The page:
I used to think Jeff Foxworthy was a funny guy. There was a time when he was making fun of white trash and inbred hicks. Now he ensconces himself in that shroud of ignorance and laughs all the way to the bank. Larry the Cable guy started out as a parody of the stereotypical hick, but somehow he's become some cultural hero that people almost look up to.
The two of them anchor a show entitled Blue Collar TV. Somehow elevating their trivial and tired acts into some sort of working class celebration. As somebody who comes from a blue collar background I find it insulting to assume that everybody in the working class would be entertained by the stupid crap these hacks foist upon their viewing audience.
I don't begrudge these guys making money. Nothing would give me more joy than to realize a revenue source in making a complete ass of myself and if I could exploit some niche market to maintain a lucrative following I am certain I would pander to that audience too.
My issue is with the fact that there is an audience that celebrates the disagreeable negative stereotypes portrayed by these comics. When Chris Rock did his bit on the difference between black people and niggers, he didn't embrace an audience of gang-bangers and remove the satire from his act to embrace them. He was speaking to his audience of regular people of all colors. He was bemoaning the fact that a handful of jerks ruin life for everybody by perpetrating a negative stereotype. It was a biting commentary on our society that addressed the small minority of blacks who live down to negative stereotypes while skewering whites who accept that stereotype in general. Best of all it was funny.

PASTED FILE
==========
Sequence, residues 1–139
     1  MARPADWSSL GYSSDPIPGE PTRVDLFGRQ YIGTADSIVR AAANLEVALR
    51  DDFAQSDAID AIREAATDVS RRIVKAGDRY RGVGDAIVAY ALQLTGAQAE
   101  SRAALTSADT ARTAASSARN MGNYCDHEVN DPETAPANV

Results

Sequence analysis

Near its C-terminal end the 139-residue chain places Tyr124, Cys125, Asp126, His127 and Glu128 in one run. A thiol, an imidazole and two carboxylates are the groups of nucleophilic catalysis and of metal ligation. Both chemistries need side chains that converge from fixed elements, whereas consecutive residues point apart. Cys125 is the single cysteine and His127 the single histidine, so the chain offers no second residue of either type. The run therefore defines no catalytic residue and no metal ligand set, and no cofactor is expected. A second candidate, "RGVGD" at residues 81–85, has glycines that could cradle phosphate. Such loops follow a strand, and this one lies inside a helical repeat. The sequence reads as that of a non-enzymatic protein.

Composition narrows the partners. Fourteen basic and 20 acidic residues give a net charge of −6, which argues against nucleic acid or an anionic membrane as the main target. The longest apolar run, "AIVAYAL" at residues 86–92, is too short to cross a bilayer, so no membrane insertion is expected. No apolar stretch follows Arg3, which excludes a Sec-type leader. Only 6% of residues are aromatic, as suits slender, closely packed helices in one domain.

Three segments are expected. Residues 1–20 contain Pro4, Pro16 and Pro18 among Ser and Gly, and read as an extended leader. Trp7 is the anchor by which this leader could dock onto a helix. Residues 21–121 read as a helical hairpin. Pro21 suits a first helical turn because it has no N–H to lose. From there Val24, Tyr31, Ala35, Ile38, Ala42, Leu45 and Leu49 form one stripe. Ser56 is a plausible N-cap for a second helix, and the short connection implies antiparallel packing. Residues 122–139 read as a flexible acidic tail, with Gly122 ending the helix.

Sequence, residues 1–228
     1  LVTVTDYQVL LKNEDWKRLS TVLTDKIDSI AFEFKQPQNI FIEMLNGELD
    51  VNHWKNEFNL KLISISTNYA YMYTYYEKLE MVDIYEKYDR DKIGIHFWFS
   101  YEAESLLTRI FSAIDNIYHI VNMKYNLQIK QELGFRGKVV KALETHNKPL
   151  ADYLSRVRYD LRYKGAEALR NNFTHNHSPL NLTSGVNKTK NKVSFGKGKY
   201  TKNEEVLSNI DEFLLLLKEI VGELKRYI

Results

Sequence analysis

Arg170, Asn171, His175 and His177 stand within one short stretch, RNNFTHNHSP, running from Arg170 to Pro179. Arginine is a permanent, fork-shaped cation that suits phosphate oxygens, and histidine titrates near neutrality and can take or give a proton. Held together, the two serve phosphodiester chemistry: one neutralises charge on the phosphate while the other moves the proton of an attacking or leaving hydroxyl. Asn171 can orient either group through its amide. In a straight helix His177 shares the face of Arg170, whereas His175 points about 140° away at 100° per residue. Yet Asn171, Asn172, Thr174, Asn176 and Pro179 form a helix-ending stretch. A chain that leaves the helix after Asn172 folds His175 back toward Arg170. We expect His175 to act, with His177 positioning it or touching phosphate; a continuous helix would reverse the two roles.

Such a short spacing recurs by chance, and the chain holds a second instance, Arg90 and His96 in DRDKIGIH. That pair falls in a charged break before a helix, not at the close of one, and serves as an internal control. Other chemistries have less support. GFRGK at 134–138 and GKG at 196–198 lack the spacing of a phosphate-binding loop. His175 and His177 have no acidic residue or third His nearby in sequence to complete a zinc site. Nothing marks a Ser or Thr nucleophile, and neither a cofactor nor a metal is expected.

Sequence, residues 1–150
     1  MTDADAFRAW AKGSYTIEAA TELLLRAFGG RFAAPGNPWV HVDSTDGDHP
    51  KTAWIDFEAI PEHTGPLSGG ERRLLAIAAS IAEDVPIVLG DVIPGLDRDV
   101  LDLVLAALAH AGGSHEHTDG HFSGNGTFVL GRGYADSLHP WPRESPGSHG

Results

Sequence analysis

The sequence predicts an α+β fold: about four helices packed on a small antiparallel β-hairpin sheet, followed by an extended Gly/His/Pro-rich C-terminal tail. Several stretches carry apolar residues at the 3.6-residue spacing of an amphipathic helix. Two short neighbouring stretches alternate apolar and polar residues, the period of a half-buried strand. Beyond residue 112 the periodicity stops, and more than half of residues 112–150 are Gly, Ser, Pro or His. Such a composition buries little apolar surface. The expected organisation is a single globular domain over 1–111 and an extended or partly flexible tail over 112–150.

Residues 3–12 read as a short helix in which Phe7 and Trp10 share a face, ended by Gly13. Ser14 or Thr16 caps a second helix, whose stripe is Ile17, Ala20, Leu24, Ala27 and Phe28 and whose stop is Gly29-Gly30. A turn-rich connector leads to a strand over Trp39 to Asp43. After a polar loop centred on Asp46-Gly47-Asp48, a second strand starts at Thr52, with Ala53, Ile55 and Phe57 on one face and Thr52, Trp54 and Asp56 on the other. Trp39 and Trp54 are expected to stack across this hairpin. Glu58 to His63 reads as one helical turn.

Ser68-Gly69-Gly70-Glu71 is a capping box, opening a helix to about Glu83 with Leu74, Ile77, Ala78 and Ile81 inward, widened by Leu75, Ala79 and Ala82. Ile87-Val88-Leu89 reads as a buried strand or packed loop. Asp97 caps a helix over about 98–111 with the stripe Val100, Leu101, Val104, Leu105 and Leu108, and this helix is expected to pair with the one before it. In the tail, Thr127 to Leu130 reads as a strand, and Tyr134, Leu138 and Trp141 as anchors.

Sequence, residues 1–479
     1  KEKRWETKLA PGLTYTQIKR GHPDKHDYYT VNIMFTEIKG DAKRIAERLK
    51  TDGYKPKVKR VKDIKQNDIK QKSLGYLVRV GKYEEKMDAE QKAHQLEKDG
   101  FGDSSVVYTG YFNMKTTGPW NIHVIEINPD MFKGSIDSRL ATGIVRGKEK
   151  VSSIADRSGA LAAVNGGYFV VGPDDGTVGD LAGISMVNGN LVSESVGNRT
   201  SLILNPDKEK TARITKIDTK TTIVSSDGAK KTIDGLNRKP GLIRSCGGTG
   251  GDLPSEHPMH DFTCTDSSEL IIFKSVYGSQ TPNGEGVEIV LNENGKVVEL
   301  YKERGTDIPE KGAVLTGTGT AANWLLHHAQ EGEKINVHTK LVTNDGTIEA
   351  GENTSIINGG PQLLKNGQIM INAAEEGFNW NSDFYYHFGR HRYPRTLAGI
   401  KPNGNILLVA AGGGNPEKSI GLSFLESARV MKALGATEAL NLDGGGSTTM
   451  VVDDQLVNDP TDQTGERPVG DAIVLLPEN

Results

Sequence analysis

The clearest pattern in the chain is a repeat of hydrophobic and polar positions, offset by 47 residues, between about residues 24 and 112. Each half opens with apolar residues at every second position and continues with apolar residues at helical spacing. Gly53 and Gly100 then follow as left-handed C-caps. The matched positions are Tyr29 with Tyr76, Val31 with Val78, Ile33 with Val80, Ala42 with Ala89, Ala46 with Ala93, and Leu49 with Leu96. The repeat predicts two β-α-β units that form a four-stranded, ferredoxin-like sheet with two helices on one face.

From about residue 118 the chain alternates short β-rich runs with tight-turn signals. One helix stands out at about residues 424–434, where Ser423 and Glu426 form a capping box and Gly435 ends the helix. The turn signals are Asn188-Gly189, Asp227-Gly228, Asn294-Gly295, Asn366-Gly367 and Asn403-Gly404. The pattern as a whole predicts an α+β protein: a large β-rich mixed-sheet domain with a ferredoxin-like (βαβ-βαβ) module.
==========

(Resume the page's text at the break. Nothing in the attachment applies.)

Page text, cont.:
Foxworthy used to be funny because he made fun of a segment of white society that represents a small but very negative minority. He wasn't exceptionally cruel in his comedy, but he made fun of those hopeless morons who think it's OK to leave the trash in a pile in the back yard instead of walking it out to the curb once a week. Suddenly his You might be a redneck... schtick is like some sort of anthem for the mobile home set. It's not funny when the people you're making fun of wear that joke like some badge of honor. Foxworthy doesn't care as long as the money keeps rolling in.
Larry the Cable guy has departed from his witless banter about naked grandmothers and fart induced fires to dabble in political issues but his political commentary isn't comedy or satire. Since Larry is a character who doesn't so much tell jokes as he does portray them, the political aspect of Larry the Cable guy comes across as racist and ignorant. The lines between comedy and hate-mongering are blurred.
In fact the lines between Larry the Cable guy and his creator have become blurred to the point where Dan Whitney no longer exists. In Cars the role of Mater is credited to Larry the Cable guy. The same is true in Larry the Cable Guy: Health Inspector. One would think that Dan Whitney, who started out with several characters he would portray, would want to have a career outside of Larry. Eventually the novelty will wear off and Larry the Cable guy will go the way of Buster Poindexter, and other fictional characters that became part of pop culture. Sure Dan Whitney will still have the money, but will he still be trying to milk that Larry the Cable guy act 20 years from now?
I suppose that the success of this genre speaks to the ignorance of the fans. Since most of those who watch Blue Collar TV wouldn't know how to spell satire much less define it, these idiots think that Larry the Cable guy is empowering in some sort of way and that being a redneck can't be a bad thing if they talk about it on TV. They are simple minded people and the comics have resorted to very simple material to amuse their audience.